The young nation of Fatrasta is a turbulent place – a frontier destination for criminals, fortune-hunters, brave settlers, and sorcerers seeking relics of the past. Only the iron will of the lady chancellor and her secret police holds the capital city of Landfall together against the unrest of a suppressed population and the machinations of powerful empires.

The insurrection that threatens Landfall must be purged with wile and force, a task which falls on the shoulders of a spy named Michel Bravis, convicted war hero Ben Styke, and Lady Vlora Flint, a mercenary general with a past as turbulent as Landfall’s present.

As loyalties are tested, revealed, and destroyed, a grim specter as old as time has been unearthed in this wild land, and the people of Landfall will soon discover that rebellion is the least of their worries.

Quick & Dirty: An addicting follow-up to the Powder Mage trilogy, full of action and great characters.

Opening SentencePrivileged Robson paused with one foot on the muddy highway and the other on the step of his carriage, his hawkish nose pointed into the hot wind of the Fatrastan countryside.

Excerpt: Yes

The Review:

It’s been ten years since the war that made Vlora Flint’s career and allowed her to start her own mercenary company. Her company is recalled to the city to aid the Lady Chancellor in rooting out a rebel who is causing no end of trouble for the government. While Vlora is in no way favorable towards said government, they are the ones paying her wage, so she will do what she’s told. In her efforts, she meets Blackhat (government spy) Michel, a man who holds more secrets than it initially appears. Michel has his own mission: find out who has been printing seditious pamphlets and distributing them throughout the city. Doing so will win him a long-desired promotion. Also in the city is Ben Styke, a legendary soldier who wound up in a labor camp for his actions. He finds himself freed by a mysterious benefactor and ordered to make himself available to Lady Flint. Styke will do so, but he also has his own agenda: revenge on the man who he feels is responsible for his time in a labor camp. As war looms on the horizon, these three will find themselves inextricably linked. Will they all make it out alive?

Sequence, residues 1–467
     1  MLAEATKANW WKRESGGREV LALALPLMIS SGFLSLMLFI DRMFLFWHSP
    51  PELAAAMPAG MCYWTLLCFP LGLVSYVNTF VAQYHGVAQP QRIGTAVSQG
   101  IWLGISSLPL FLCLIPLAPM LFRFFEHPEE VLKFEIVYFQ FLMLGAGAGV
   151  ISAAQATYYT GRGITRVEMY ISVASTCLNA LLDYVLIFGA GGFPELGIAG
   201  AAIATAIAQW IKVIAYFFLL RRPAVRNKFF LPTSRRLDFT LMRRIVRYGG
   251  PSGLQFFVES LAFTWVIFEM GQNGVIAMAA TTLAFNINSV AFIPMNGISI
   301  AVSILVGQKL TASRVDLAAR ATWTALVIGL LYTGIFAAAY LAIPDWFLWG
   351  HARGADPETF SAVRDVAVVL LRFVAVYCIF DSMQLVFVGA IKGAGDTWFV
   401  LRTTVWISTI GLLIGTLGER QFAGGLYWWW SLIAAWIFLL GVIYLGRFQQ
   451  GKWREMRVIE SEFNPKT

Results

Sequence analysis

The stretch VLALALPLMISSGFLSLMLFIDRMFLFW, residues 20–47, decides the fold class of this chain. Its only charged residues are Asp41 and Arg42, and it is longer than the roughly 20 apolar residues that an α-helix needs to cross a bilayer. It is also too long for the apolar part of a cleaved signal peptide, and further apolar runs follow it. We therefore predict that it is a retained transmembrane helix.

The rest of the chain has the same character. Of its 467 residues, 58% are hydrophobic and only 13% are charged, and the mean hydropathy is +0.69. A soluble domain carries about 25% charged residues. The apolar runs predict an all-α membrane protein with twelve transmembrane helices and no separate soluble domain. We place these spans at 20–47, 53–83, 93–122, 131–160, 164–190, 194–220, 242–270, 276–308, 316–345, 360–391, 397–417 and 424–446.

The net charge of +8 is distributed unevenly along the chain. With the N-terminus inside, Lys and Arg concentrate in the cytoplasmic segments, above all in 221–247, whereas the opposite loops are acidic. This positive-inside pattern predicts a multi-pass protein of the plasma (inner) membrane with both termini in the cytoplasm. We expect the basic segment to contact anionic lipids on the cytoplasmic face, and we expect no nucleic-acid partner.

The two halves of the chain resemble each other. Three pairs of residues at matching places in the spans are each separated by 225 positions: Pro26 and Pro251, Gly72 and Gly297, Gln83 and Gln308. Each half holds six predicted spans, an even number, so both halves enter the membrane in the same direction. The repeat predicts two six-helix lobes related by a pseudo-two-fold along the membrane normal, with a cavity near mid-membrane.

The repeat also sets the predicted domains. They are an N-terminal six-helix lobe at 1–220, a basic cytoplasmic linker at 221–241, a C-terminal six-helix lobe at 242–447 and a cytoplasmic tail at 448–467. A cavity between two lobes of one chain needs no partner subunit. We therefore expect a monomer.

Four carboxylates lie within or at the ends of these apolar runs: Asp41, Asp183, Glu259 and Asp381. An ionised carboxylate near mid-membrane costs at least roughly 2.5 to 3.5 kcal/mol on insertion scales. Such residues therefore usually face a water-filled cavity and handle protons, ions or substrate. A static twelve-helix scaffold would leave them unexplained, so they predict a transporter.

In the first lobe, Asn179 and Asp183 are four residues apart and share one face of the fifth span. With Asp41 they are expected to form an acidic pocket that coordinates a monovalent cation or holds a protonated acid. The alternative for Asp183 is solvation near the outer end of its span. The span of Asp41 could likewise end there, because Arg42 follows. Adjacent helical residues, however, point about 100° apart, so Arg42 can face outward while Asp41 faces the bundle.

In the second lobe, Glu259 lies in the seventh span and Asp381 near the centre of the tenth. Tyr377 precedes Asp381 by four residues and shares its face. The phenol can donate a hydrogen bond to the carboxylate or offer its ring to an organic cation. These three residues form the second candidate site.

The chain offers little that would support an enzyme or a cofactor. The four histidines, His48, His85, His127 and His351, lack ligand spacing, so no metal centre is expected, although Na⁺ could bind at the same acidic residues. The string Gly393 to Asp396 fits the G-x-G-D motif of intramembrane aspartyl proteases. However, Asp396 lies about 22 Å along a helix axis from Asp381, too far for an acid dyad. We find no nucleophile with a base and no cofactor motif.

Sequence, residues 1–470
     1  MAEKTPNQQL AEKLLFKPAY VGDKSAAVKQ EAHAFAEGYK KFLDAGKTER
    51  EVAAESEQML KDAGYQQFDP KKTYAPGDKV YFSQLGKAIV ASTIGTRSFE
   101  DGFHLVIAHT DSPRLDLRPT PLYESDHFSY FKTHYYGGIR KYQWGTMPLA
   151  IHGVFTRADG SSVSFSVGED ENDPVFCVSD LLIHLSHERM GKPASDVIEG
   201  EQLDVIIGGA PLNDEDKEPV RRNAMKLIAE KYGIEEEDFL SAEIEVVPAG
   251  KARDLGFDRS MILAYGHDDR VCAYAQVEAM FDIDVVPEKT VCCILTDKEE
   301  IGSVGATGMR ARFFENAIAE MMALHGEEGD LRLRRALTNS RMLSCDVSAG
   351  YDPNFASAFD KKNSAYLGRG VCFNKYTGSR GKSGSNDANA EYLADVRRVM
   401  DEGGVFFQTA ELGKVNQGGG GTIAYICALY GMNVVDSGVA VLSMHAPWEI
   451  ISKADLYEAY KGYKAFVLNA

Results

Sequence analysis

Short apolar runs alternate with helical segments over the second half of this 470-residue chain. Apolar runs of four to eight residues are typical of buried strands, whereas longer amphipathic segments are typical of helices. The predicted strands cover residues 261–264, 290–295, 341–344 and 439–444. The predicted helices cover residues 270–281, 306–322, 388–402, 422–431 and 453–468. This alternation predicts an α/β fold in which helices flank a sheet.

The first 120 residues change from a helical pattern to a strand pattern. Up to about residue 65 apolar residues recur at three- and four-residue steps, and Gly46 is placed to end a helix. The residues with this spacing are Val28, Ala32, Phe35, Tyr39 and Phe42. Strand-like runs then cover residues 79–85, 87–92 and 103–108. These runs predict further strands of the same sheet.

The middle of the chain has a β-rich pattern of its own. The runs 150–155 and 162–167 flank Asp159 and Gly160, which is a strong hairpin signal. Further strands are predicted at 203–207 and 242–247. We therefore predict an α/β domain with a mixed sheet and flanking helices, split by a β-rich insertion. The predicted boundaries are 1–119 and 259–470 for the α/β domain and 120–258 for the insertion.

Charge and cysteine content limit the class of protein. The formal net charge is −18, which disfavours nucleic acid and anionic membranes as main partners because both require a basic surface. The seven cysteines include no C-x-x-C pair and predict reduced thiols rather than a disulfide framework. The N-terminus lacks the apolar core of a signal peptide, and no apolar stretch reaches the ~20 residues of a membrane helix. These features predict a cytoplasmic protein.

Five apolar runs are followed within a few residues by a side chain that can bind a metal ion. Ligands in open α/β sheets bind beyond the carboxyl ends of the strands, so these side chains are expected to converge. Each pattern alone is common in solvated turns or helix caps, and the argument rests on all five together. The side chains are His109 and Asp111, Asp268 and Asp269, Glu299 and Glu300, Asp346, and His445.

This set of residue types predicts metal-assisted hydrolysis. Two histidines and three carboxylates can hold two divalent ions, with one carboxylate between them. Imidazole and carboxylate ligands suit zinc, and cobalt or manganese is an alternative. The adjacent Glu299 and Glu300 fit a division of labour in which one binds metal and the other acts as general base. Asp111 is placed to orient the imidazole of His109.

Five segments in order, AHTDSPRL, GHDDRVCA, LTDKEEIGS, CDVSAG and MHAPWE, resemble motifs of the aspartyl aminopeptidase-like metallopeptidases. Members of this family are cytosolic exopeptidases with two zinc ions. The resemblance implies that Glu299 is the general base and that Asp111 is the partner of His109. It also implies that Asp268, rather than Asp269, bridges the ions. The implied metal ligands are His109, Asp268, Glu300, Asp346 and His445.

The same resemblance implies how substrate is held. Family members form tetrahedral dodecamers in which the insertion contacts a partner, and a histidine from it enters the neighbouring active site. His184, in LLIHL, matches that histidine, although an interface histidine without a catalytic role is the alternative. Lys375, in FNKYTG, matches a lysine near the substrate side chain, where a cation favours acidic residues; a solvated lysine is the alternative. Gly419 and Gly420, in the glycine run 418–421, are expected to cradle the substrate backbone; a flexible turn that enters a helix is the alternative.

I was extremely excited to find this in my review pile, but also a little worried. I absolutely loved the Powder Mage trilogy and was so happy to see that a spinoff was happening. At the same time, I worried that the magic of the original trilogy could not be repeated with all new characters (save Vlora and Olem, of course). Happily, lightning has struck twice, as this first book in the new series is just as captivating as that original trilogy was. I will admit it had a bit of a slow start as we were introduced to the new characters, but once the plot got going, it never let up, and I found myself turning pages as quickly as possible to find out what would happen next.

I was really happy to get to see more from Vlora this time around, as I liked her in the original trilogy and was hoping she could carve out a life for herself. I loved getting to see where she and Olem are now and how they’ve grown together. As much as I loved Vlora though, I think my favorite narrator was Ben Styke. There is just something about him that I loved, and I really couldn’t get enough of the chapters that were from his point of view. As for our third narrator, I enjoyed Michel’s sections, but he was probably my least favorite, through no fault of his own really. I just preferred Vlora and Ben.

I honestly have nothing bad to say here. The slow start results in the 4 star ranking rather than a 5, but all in all, this was a great start to a new series. I think both old and new fans of McClellan will find a lot to love here. I can’t wait for the next one!

Notable Scene:

“I didn’t know you were that Ben Styke.”

“What do you mean by that Ben Styke? How many of us do you think there are?” Styke stood up, barely feeling the twinge in his knee through the anger. His head grazed the ceiling of the parole cell. For some reason, the tremble going through Raimy’s body made him even angrier. They’d spent countless days together in her unguarded office, even had a few laughs together. She’d flirted with him. And now she was shaking, terrified, even though she as behind an iron grate? “Are we friends?” he demanded.

“Yes,” Raimy squeaked.

Styke wrapped his good hand and the two working fingers of his bad hand around the bars of the grate. He tightened his grip and, with one solid yank, ripped it out of the wall. Raimy’s mouth fell open but she remained transfixed as he set the grate to one side and leaned in over her desk, fishing through her papers until he came to the last one.

It was a note on stationery from the office of the Lady Chancellor. It had three sentences:

Mad Ben Styke, formerly Colonel Styke of the Mad Lancers, is a violent murderer guilty of several war crimes. He must be denied parole. Make it convincing.

It was signed by Fidelis Jes, head of the Lady Chancellor’s secret police.

Styke could hear someone yelling in the hallway. They’d heard the racket, and the yelling was soon followed by the pounding footsteps of the guards. Styke crumpled up the note and flicked it into Raimy’s face. “You can stop your damned trembling, then. I don’t hurt my friends.”